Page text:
The United States and Mexico are on the brink of yet another trade war – this time pitting U.S. farmers against Mexican tomato growers and importers.
The debate centers around the price of imported tomatoes from Mexico. Florida tomato growers have said the prices of imported Mexican fresh tomatoes are sold below market value, giving them an unfair advantage.
The latest development came July 30, when the U.S. Department of Commerce released a preliminary ruling of a 25 percent price dumping margin on Mexican tomato imports – that Mexico has been selling its tomatoes at artificially low prices, thereby undercutting their U.S. competitors.
The Commerce Department has been conducting a “dumping” investigation into Mexican tomatoes since February. It is expected to complete its investigation in September.
“The U.S. tomato industry looks forward to showing the U.S. International Trade Commission that it has been injured by the surging unfairly traded Mexican imports,” said Michael Schadler, executive vice president of the Florida Tomato Exchange.
Importers of Mexican fresh tomatoes said consumers are voting with their stomachs and their pocketbooks, demanding tomatoes from Mexico.
“Working closely with retailers, food service companies, and other buyers, our members’ main focus is supplying the vine-ripened, high-quality tomatoes that drive sales in stores and restaurants,” said Lance Jungmeyer, president of the Fresh Produce Association of the Americas in Nogales, Arizona.
The debate over Mexican versus U.S. tomatoes has been brewing for decades, but heated up February 7 when the Trump Administration announced it was leaving a 2013 tomato suspension agreement with Mexican tomato growers and restarting a dumping investigation.
“We have heard the concerns of the American tomato-producing industry and are taking action today to ensure they are protected from unfair trading practices,” U.S. Commerce Secretary Wilbur Ross said in a release. “The Trump Administration will continue to use every tool in our toolbox to ensure trade is free, fair and reciprocal.”
The Department of Commerce is expected to complete its Mexican tomato dumping investigation by September 19, when the U.S. International Trade Commission will determine if there is injury resulting from Mexican tomatoes entering the U.S.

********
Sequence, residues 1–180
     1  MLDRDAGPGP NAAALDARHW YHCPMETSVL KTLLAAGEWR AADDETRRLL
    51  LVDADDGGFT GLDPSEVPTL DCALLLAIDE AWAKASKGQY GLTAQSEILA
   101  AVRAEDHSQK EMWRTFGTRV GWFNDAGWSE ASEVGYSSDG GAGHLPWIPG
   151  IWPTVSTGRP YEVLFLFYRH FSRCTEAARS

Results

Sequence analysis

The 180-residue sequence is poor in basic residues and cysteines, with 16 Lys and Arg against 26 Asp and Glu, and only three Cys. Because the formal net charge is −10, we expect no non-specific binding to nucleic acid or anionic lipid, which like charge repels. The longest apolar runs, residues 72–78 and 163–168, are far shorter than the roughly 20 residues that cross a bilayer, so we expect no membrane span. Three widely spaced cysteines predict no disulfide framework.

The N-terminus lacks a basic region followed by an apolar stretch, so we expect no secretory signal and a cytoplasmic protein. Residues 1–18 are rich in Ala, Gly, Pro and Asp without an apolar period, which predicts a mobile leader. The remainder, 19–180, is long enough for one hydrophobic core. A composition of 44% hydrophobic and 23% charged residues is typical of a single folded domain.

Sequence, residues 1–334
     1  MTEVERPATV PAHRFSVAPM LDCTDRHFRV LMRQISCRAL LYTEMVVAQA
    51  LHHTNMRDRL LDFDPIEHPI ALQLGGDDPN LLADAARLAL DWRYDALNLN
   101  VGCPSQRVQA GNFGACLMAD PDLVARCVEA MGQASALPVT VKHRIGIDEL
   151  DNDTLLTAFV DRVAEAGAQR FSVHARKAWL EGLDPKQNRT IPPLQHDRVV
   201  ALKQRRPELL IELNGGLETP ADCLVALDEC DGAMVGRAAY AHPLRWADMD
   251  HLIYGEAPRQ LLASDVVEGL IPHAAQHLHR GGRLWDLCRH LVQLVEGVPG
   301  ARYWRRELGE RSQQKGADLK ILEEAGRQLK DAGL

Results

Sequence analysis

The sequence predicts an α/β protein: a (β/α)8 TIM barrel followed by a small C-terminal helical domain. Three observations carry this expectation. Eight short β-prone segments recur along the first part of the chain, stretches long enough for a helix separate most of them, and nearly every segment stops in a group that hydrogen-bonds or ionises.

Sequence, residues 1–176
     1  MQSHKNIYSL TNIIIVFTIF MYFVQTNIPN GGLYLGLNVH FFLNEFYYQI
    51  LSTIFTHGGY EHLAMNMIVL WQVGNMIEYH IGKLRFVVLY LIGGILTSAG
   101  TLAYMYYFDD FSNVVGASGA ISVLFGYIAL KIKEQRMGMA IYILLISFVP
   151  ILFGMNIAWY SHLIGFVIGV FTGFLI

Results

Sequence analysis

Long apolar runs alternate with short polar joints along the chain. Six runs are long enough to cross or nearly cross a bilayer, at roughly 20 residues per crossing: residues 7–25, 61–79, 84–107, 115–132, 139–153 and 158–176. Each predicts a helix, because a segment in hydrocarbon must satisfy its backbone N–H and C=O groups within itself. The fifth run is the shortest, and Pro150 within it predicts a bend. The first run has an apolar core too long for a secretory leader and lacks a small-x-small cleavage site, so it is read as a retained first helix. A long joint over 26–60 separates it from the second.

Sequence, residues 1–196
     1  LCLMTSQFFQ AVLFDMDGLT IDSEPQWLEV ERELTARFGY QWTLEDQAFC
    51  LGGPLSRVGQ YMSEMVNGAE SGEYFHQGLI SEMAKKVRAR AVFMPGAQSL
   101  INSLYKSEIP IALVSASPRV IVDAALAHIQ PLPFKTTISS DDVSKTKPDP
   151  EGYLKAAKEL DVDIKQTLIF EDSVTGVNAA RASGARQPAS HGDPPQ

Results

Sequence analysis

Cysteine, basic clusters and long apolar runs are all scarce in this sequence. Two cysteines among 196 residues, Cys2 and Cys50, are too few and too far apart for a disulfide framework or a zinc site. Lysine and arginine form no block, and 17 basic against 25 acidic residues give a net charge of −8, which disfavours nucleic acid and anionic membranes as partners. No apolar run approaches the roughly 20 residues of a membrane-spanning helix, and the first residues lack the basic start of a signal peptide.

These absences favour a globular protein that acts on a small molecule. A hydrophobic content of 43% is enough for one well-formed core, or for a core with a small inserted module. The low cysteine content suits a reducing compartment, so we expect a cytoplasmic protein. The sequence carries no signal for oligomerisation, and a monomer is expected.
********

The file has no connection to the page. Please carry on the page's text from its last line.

If the 25 percent dumping margin is upheld by the Commerce Department, then the cost of tomatoes to consumers could rise anywhere from 40 percent to 85 percent, according to an Arizona State University study conducted in April.
However, an agreement with Mexico could be reached as early as mid-August. The 2013 tomato suspension agreement substantially raised the minimum “reference” price at which Mexican plum, cherry and other tomatoes could be sold in the U.S.
After President Donald Trump pulled out of the 2013 tomato suspension agreement with Mexico, a 17.5 percent tariff was added to Mexican tomato imports starting on May 7.
Cross-border trade officials in Texas said any tariffs are a big blow to the $3 billion Mexican tomato import industry.
“Just the three [Texas] bridges alone in Pharr, Laredo and Progreso imported almost $1 billion of tomatoes in 2017,” said Dante Galeazzi, chief executive officer of the Texas International Produce Association (TIPA) in a San Antonio Express-News report.
TIPA, which is based in Mission, Texas, represents growers, domestic shippers, import shippers, specialty shippers, distributors and material and service providers.
“When you start looking at the number of companies that are touching tomatoes here in the United States and specifically in Texas – you’ve got the importers, you’ve got the guys that are repacking, you have the final sales – all those people have employees that are depending on the Mexican tomato business,” Galeazzi said. “Margins in fresh produce are already razor thin, so if there’s increases, that increase just gets passed down the supply line to the final consumer.”
While Mexican and U.S. officials have been in talks since May to end the 17.5 percent tariff on tomatoes, another recent proposal from the Commerce Department called for 100 percent of “tomato loads crossing from Mexico to the U.S. be inspected for quality and condition defects” at U.S.-Mexico border points of entry.
Mexican government officials said the proposal is “absurd” and would add to trucks’ wait times at border points of entry.
“Dealing with perishable products, this is absurd and would certainly generate logistical chaos with all exports of merchandise,” said Victor Villalobos Arambula, Mexico’s Secretary of Agriculture in a July 18 letter to U.S. Agriculture Secretary Sonny Perdue.
Arambula also said that the Mexican government could implement equivalent measures on U.S. goods crossing the U.S.-Mexico border.
“If that [100 percent of tomato inspection] proposal is not withdrawn – the government of Mexico will apply quality inspections on all U.S. agriculture goods coming into Mexico,” Arambula said.